I could continue with these, but I already intend to discuss these in more detail eventually.

Fortunately for the scientific community, I believe the true questions on the interface between faith and science are to be reconciled exclusively by those who are religious. We may come to different conclusions, but we should have a common understanding of the facts.

Finally, we must recognize that science does not “say” anything, even if it is currently dominated by a secular, materialist perspective in Western society. Science does not “say” that we “should” behave a certain way, or make philosophical interpretations of the facts. Scientists may, but science does not.

Why are you at the Computer?

Posted in Evangelism on June 14, 2008 by RWZero

Where do I even start?

It was Wednesday of this past week, just four days ago.

The engineering buildings are quiet in the summer. The library is largely empty. I sat down at one of the computers in the small block near the entrance and listlessly browsed through mail, messages, and some useless information. Sitting at a right angle to me was a black guy, and an older man with gray hair and glasses.

I had been there for a while when the man with the gray hair suddenly turned to the black guy, who was clearly a stranger.

“Why… are you at the computer?” he said. The black guy stared at him blankly.

“Why are not on the street, spreading the message?” he continued. The black guy turned back to his computer and zoned out.

“You’ve betrayed us. Why are you on the computer? Why are you not…”

I was thinking about this later as I walked down Spadina. No tomatoes at Burger King. I thought it was a joke, and I was going to be on some “We stopped selling the Whopper with tomatoes to see what would happen” commercial, but I opened up the Whopper and there really were no tomatoes. This saddened me.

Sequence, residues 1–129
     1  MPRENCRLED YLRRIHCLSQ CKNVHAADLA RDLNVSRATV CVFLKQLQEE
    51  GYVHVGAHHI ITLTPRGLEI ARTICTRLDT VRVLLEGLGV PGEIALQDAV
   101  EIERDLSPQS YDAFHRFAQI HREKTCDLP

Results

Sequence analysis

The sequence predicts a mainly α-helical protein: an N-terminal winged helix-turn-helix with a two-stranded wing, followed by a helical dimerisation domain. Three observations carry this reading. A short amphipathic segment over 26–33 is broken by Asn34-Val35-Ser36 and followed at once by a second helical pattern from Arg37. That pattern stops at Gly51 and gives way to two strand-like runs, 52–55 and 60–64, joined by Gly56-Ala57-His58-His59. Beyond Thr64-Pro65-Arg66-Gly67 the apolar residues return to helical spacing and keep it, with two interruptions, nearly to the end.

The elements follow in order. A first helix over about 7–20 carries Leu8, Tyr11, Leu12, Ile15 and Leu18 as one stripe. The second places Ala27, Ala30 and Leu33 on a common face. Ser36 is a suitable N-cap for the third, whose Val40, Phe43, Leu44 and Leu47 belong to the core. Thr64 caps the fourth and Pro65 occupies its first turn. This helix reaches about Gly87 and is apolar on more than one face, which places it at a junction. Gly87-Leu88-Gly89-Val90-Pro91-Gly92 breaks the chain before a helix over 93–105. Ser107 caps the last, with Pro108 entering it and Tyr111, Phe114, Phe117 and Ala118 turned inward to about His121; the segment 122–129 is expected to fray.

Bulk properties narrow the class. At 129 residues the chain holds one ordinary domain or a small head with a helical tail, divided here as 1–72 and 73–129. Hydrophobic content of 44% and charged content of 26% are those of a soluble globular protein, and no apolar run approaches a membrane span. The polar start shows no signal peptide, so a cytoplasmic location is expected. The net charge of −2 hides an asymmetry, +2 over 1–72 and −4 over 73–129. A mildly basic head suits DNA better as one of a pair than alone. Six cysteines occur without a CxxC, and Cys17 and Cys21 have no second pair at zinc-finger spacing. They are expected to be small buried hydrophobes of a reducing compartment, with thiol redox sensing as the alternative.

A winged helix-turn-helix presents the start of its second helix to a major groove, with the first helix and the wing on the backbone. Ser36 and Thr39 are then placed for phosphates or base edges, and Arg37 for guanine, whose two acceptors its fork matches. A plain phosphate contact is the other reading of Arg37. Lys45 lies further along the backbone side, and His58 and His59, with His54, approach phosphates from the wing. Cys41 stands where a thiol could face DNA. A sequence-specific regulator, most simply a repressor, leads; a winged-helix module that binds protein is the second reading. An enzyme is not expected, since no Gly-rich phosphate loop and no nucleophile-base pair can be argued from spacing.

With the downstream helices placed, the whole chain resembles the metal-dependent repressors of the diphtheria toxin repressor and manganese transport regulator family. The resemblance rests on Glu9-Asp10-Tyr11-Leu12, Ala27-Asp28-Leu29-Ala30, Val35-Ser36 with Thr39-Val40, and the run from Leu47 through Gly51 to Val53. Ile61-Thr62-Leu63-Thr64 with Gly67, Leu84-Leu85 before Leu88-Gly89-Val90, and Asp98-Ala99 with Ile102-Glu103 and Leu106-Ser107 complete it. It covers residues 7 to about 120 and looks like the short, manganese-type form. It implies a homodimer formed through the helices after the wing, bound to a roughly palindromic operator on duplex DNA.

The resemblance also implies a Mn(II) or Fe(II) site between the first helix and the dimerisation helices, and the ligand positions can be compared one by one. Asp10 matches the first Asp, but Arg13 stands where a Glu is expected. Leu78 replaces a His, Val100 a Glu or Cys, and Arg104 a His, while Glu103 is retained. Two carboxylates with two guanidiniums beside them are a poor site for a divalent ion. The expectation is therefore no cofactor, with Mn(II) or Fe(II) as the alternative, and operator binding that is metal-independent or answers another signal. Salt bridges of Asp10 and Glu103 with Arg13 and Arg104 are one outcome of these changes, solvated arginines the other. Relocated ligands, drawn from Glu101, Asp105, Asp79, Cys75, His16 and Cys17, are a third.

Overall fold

People streamed by. South on Spadina, left on Queen, past Steve’s music store. I came to an intersection and about 6 young guys on bicycles made a gentle arc that intersected my path. I took a few extra steps to let them pass behind me. The first of them looked up as he went by, right into my eyes, and said:

“Faith”

———————

I don’t talk to strangers often, but perhaps still more than the average person in this city, and never due to insanity or as a psychological gag. An opportunity to speak to someone, to convey meaning, takes far more than time and space. You can touch on all four dimensions of the continuum with others, without a single word bridging the chasm.

I am a so-called Evangelical, and I will tell you about my faith, and not always because you asked me about it. But the most obvious way to do something is not always effective. Hence we sometimes bear an itch, and tell the others don’t scratch!

A person’s beliefs regarding spirituality, existence, meaning, and purpose are the most important opinions and beliefs that they have. They determine the direction of their whole life, barring those who have neglected these questions so completely that they stumble through life fulfilling base needs (and those of us who fancy ourselves “purpose-driven” are still prone to this!)

It seems incredible that it is so seldom discussed, such that people we know for years in various contexts will never have a conversation about it. It’s as if we cannot afford to spend a few hours thinking about which field of study to apply to for university (and why) though we will expend enormous quantities of time and energy getting through it. It’s as if we would rather live an perfect lie than an excellent truth.

I’ve mused that this may be one reason why “smart people” will never run the world, but rather, people with manipulative skills–most of us have a tendency to burrow down into a science, a skill, a body of knowledge, and become outstanding without knowing exactly why, only to have everything we are manipulated and directed by someone who has even the most base set of ideals. We simply want to be outstanding at something. In a scene in “Lord of War,” Nicholas Cage’s character explains his business selling weapons simply by saying “I’m good at it.” [Update–actually, this all doesn’t even belong in this post. I think I’ll write something separate about it]

And perhaps it’s all because the questions and the answers seem so immaterial.

Nonetheless, this makes it possible to talk to anyone about belief, or unbelief, in the divine. As for Christians: how, when, where, and why do we do this? And what do we say?

The answers are quite involved, but unlike the answers to some questions, I think these ones all exist.

A Wealth of Understanding

Posted in The Narrow Path on June 2, 2008 by RWZero